Jemimah Rodrigues is one of the most attractive young cricketers to watch right now. Her shots are powerful and elegant, and her energy both on and off the field is infectious. It is very easy to be a fan of the teenager, who made her international debut last year but has already established herself as a key component of the Indian batting line-up. There are certain days, however, when she leaves everyone frustrated like in the second Twenty20 International against England in Guwahati.
Put into bat, Harleen Deol and Smriti Mandhana put on an opening stand of 24 in 2.3 overs before the Indian captain was caught behind. The base was set for India to post a big total in an attempt to level the series. With the middle-order fragile, which is common knowledge now, the onus was on Rodrigues to take charge. She is the second best T20 batter after Mandhana in the side, and she had to pace herself in such a way that she batted deep into the innings.
It’s a role she had played well in the second T20I against New Zealand less than a month back. Having come into bat in the third over, she put on 63 runs with Mandhana. There was a collapse after Mandhana got out in the tenth over, but Rodrigues showed maturity in holding one end. Having hit one six and three fours till Mandhana was at the crease, she curbed her natural instincts after that. She maintained a strike rate above 100 without having to hit a single boundary from the tenth to 16th over. She finally opened up in the 19th over when she took 14 runs off Amelia Kerr’s first four balls before falling against the run of play. Her 53-ball 72 gave India 135 to defend. New Zealand eventually won on the last ball of the match. Had India fielded well, Rodrigues’ innings could have been a match-winning one.
She had to play a similar role against England, but she got edgy after playing five consecutive dot balls. It cluttered her mind and she heaved at a straight ball bowled on good length on off stump from Katherine Brunt and was bowled. Had she been beaten in her defence or would have got caught trying to pierce the in-field then there was room for sympathy, but here the selection of shot was very disappointing. Of course having made 0, 0 and 2 in her last three innings, she must have been eager to break the shackles but that is no excuse at this level. There was no intent to rotate the strike. It was a clear case of the mind and body not being in sync.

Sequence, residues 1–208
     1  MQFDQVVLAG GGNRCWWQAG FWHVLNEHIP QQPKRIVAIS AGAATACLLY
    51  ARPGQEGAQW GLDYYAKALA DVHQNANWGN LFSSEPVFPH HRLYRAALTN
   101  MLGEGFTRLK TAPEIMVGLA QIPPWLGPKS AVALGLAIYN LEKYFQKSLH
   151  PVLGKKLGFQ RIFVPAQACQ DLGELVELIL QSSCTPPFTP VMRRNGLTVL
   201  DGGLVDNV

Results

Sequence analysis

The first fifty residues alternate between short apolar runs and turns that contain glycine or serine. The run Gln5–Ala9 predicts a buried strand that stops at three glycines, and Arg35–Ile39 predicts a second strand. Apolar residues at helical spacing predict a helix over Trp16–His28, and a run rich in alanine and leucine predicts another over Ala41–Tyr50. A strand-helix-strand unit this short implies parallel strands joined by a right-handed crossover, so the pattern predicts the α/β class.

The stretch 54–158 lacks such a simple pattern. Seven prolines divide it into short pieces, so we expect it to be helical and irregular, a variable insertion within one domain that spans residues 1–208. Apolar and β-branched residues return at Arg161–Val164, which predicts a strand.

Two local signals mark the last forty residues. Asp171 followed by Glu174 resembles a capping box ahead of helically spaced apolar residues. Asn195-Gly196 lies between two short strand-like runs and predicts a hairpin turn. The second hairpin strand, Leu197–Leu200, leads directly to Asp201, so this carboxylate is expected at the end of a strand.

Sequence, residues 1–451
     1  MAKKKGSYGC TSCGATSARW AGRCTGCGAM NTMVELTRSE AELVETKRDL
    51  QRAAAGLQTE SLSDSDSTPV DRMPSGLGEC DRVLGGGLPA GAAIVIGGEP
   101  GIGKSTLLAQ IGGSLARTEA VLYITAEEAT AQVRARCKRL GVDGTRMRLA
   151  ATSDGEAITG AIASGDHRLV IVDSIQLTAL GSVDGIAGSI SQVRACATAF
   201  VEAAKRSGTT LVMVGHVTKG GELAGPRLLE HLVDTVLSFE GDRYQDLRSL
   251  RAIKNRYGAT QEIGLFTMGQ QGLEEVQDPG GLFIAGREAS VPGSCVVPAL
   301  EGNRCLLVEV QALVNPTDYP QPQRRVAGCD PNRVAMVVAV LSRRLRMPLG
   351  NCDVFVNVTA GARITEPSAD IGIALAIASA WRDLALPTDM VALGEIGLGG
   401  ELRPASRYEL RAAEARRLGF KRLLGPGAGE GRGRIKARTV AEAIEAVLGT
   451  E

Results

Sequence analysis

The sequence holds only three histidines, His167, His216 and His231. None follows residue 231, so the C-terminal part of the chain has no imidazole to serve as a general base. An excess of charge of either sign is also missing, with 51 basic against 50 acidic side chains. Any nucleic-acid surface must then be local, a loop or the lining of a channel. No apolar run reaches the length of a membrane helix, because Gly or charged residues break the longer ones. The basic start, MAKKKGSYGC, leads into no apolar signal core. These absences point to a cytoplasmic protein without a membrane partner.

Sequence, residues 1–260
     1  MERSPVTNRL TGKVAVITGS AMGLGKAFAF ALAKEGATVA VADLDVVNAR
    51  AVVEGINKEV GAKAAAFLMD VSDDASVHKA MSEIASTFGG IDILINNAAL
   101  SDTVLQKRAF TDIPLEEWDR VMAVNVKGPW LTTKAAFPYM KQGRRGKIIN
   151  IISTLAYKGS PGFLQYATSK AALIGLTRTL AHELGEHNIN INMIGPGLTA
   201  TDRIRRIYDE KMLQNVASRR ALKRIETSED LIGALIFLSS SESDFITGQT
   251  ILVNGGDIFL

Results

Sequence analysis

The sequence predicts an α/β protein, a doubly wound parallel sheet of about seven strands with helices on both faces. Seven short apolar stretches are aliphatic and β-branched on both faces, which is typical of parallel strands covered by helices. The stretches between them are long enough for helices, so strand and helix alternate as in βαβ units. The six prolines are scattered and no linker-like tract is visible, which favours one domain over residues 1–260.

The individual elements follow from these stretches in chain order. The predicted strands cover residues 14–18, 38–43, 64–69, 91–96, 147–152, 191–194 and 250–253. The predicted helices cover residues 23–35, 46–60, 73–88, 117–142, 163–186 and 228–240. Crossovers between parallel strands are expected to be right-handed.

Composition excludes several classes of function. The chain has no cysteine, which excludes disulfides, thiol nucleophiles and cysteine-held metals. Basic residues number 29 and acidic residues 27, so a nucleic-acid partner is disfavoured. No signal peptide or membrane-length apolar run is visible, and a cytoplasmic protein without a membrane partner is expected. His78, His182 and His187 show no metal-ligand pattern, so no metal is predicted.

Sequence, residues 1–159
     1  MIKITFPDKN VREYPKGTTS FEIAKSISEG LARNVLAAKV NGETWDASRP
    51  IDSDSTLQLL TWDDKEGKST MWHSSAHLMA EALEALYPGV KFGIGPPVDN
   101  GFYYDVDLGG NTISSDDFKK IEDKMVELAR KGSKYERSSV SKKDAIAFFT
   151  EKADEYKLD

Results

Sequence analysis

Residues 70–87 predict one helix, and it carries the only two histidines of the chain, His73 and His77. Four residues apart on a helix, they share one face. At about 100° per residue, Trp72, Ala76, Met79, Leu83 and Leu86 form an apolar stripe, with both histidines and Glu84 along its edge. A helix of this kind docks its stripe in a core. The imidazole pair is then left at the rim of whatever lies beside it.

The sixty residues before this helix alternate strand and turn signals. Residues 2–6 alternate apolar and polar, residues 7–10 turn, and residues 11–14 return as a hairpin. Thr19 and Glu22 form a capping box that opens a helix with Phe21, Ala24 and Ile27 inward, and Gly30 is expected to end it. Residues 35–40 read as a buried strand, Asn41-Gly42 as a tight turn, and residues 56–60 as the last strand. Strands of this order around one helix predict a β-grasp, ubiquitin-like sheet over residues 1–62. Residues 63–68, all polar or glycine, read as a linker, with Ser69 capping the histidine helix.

“Our batters are not going out there and selecting the areas in terms of which balls to hit. I think another major difference between other teams and our team is running between the wickets,” Mandhana said at the post-match press conference. “We either play a dot ball or (hit) boundary. We don’t take a lot of singles. Definitely we will be looking to work on reducing the dot ball percentage, taking more singles and rotating the strike.”
The margins are so small in women’s cricket that there is always scope for a batter to take time instead of playing aggressive strokes from the start. England chased down 112 with just five balls to spare to win the series. It is left to imagination how different the script could have been had Rodrigues not felt suffocated and played a longer innings than a 7-ball 2.
It could be argued that Rodrigues was trying to impose herself on England by playing her natural game. But what exactly is natural game? In Rahul Dravid’s words, there is no such concept.
“I don’t know the meaning of playing your natural game all the time. You have to play according to the situation of the game. That’s what the great players have done over the years. They read the situation, they play according to the wicket and the conditions, and that’s how people I have admired and I have watched over the years played,” Dravid was quoted saying at a press conference during India’s tour of New Zealand in 2009 when he was still a player.
“There cannot be only one way of playing the game. The great and the good players are those who can adapt and play according to the situation.” The former India captain has maintained a similar line of thinking even as a coach.
Overnight rain in Guwahati automatically brought moisture into play and also gave the bowlers slight advantage at the start. Someone with as much talent as Rodrigues should have been able to read the situation and planned her innings. With India already having got a decent start, that shot was completely unnecessary. Instead she could have waited for Brunt’s over to finish considering the bowler has been in top form and waited for the spinners to come in. Her presence would have allowed other batters to also not complicate matters.
Rodrigues need not look further than Danielle Wyatt to grasp a lesson on innings construction. Having made a brisk 35 as an opener in the first T20I, she changed her approach completely in the second game where the target was 112. She finished with an unbeaten 64 off 55 balls, but more importantly ensured that England did not collapse after being 56 for 4 at one stage. She did hit the bad ball for boundaries early in her innings, but when the situation demanded she was ready to grind it out knowing that things could get difficult for a new batter.
It was a knock of complete contrast from her 64-ball 124 against India in a T20I in Mumbai last year. England were chasing 199 in that game and the situation demanded her to keep the accelerator mode on.
As Dravid said, “Great and the good players are those who can adapt and play according to the situation.” Rodrigues has to learn fast to be consistent if she has to keep making her dream of winning matches for the country true.